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August 19, 2021



Ten Years Ago

August 17, 2011

Veterans of Foreign Wars Post 2351 donated the 25-foot by 15-foot flag displayed in the high school gym to the Pomeroy School District “to leave a mark” regarding the Post’s contributions to the community over the years.

Winning bid for general construction contract for the Pomeroy Junior-Senior High Modernization project was $7,537,255.00 by Leone and Keeble, Inc., of Spokane. The high school gym will be able to be used for the fall and winter sports.

Twenty-Five Years Ago

August 21, 1996

Poachers are at work in Garfield County to the disadvantage of local hunters. Two recent illegal game-killing incidents involved a spike bull elk in the Mayview area and two three-point whitetail bucks on Oliphant Road in the Blind Grade area. All would have been legal in the upcoming season. Moreover, the animals were just shot and left.

Pomeroy City Pool will be open through Sunday, Sept. 8. The extended season is due to the pool closure for repairs in July.

Fifty Years Ago

August 19, 1971

Weakening of a high-pressure ridge allowed cooling air to move over the Northwest over the weekend. Pomeroy started cooling off Friday night after its 30th straight day of 90° or above temperatures was recorded. The mercury read in the 100°-102° range 12 times over the period. It was 98°-99° eight times.

Harvest yields have been great but no settlement is foreseeable in the dock strike, which economists say has already destroyed part of the export wheat market.

Striking laborers at Lower Granite Dam returned to work Monday after a compromise settlement.

Seventy-Five Years Ago

August 15, 1946

As a precautionary measure against infantile paralysis, a disease prevalent in some of our neighboring communities, county health officer Dr. J.W. Sherfey suggested to the city park board that they close the municipal swimming pool for the remainder of the season. He advises parents keep their children close to their own premises and not permit them to gather in groups, particularly with children from other neighborhoods.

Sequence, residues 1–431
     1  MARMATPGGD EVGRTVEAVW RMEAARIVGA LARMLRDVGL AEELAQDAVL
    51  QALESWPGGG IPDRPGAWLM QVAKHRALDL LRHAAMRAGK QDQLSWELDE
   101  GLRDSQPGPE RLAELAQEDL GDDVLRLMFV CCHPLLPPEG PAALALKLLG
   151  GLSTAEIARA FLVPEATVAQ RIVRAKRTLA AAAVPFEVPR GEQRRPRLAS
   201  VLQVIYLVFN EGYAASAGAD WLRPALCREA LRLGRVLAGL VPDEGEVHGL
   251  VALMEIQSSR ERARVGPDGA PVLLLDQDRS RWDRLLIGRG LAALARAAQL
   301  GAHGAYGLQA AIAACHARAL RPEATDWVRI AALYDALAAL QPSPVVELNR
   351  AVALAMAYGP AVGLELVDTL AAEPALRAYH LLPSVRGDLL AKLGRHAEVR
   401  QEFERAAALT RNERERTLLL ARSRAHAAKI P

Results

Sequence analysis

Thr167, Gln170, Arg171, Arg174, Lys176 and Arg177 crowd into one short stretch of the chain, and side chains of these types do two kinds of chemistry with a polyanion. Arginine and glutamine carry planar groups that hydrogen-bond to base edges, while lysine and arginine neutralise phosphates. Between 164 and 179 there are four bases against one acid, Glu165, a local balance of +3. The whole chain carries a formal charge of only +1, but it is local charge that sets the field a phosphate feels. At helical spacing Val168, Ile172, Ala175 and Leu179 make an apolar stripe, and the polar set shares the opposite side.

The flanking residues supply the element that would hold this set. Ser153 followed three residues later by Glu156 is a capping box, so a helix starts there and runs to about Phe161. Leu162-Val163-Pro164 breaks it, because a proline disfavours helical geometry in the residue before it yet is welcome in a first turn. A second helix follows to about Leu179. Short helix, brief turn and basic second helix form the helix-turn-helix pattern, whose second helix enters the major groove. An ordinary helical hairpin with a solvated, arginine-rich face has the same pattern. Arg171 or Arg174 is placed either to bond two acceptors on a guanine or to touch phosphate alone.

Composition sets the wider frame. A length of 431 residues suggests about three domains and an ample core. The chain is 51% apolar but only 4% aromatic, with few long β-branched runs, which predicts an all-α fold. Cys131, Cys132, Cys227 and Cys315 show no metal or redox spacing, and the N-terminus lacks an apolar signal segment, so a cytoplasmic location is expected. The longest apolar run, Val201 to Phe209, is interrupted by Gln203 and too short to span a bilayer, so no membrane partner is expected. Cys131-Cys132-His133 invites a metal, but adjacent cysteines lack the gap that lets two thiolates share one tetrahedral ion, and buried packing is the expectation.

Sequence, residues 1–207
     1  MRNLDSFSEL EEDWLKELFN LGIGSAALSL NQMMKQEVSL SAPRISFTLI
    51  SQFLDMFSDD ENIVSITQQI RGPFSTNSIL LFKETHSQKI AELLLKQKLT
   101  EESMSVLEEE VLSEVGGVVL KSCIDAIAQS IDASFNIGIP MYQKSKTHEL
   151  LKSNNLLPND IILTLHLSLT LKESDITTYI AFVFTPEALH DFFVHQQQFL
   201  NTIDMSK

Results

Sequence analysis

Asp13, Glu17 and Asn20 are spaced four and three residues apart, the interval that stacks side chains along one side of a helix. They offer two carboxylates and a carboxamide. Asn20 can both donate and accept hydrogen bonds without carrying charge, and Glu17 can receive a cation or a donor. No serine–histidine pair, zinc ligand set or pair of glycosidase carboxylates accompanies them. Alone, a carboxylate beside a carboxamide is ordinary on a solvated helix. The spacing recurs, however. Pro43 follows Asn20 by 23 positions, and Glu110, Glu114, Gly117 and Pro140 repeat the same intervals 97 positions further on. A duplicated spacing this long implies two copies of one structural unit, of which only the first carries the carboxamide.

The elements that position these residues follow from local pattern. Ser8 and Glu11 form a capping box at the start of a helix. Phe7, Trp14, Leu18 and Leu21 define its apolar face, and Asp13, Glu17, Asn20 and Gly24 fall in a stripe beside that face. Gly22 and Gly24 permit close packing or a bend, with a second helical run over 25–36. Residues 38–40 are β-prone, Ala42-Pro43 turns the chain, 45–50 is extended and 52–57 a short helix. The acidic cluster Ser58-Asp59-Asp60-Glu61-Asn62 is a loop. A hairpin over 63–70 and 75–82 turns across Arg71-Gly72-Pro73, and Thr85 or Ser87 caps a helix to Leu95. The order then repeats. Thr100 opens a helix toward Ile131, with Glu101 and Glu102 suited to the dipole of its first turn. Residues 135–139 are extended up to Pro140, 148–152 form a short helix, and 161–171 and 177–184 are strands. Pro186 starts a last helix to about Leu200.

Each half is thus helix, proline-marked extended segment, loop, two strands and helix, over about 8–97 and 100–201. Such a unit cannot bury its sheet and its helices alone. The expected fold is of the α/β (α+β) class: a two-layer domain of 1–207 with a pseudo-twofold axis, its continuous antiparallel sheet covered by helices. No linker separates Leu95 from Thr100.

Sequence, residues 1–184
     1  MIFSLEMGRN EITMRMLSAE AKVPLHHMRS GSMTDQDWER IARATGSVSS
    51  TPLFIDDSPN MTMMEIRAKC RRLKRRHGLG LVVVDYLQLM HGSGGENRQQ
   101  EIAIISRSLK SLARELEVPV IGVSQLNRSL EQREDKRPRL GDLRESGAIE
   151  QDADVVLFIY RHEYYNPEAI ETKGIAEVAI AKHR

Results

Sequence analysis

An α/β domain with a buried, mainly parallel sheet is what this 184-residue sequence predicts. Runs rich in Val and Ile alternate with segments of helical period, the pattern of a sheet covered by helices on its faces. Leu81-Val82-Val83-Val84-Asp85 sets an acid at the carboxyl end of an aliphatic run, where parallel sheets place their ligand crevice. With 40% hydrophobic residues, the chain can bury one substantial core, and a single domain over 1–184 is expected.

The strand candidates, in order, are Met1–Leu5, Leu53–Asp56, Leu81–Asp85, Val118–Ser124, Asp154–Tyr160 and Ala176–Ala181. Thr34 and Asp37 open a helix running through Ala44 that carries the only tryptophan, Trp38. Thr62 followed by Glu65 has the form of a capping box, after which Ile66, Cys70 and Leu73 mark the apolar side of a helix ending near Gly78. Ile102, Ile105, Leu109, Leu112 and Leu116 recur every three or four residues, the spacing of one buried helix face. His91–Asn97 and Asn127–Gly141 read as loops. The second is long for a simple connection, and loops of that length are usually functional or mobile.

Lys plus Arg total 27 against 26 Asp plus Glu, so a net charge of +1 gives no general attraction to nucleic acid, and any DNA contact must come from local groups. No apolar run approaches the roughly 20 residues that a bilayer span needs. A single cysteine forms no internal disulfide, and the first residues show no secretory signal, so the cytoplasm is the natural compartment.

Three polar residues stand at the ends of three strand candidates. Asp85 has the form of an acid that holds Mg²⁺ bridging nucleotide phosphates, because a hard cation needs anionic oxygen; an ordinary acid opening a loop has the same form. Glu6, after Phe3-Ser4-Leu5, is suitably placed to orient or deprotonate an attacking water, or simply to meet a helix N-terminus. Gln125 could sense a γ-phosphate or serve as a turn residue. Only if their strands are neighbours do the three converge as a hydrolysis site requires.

The City Council passed an ordinance abolishing a number of streets and alleys in the city cemetery, which will be plotted into one-half lots, and by their action will automatically enlarge God’s acre considerably.

Plans for building a county-city fire station are being discussed as the rural and city fire departments intend to increase their equipment to four units. The station now used in the City Hall is not large enough to house the departments’ three units and more storage space is desired.

One Hundred Years Ago

August 20, 1921

What with the running down of a supposedly stolen car, and the raiding of the Madison Lumber Yard and arrests there of two charged, and afterward convicted and fined for being drunk, with an additional fine of $35 and cost imposed upon one of the defendants for having booze in his possession, Sheriff Dixon and Night Officer N. Whittaker spent a rather strenuous Monday night this week.

Mr. and Mrs. L.T. Christopherson in their automobile, with two other carloads of people, came near being swamped in the middle of Snake River Sunday, when the high wind struck the beat on which they were crossing at Central Ferry. They were held in midstream for more than 30 minutes with the waves rolling two feet deep over the boat.

One Hundred Twenty-Five Years Ago

August 22, 1896

Frank Biles was taken from jail in Asotin Tuesday night and hanged by a mob for the criminal outrage of Miss Mary Richardson, a young lady who was visiting in that vicinity from Enterprise, Ore.

Saturday the Lewiston stage driver met with an accident which might have proven quite serious. His horses took fright at a thresher engine and started to run and one of the lines was broken. The driver jumped forward and caught one of the horses and managed to stop the team, but was kicked three times during the tussle. Fortunately no serious damage was done, but the driver says it was an experience he doesn’t care to repeat.

Dr. Gose reports a case of diphtheria at the Skyhock farm five miles south of Pomeroy, and, naturally, the residents of that neighborhood and this city are greatly alarmed. It is feared that the disorder will spread and become general, as it appears that proper efforts were not at first made to prevent it. The house has been quarantined and it is to be hoped that every precaution will be taken to check the disease and prevent it becoming epidemic. Outhouses, alleys and yards in this place should be thoroughly cleaned, and the matter should be looked after by our health officer.

A number of farmers have their threshing done in the Meadow Gulch vicinity, the grain averaging, so far, about 10 bushels per acre.

Grasshoppers are very thick around the George Harris place. They have stripped nearly all the blades from a field of wheat belonging to Mr. Hull.

Some are “kicking” because berry pickers are breaking the huckleberry bushes and taking them to the shade to pick the berries off. They say there will be no huckleberries next year.

 
 

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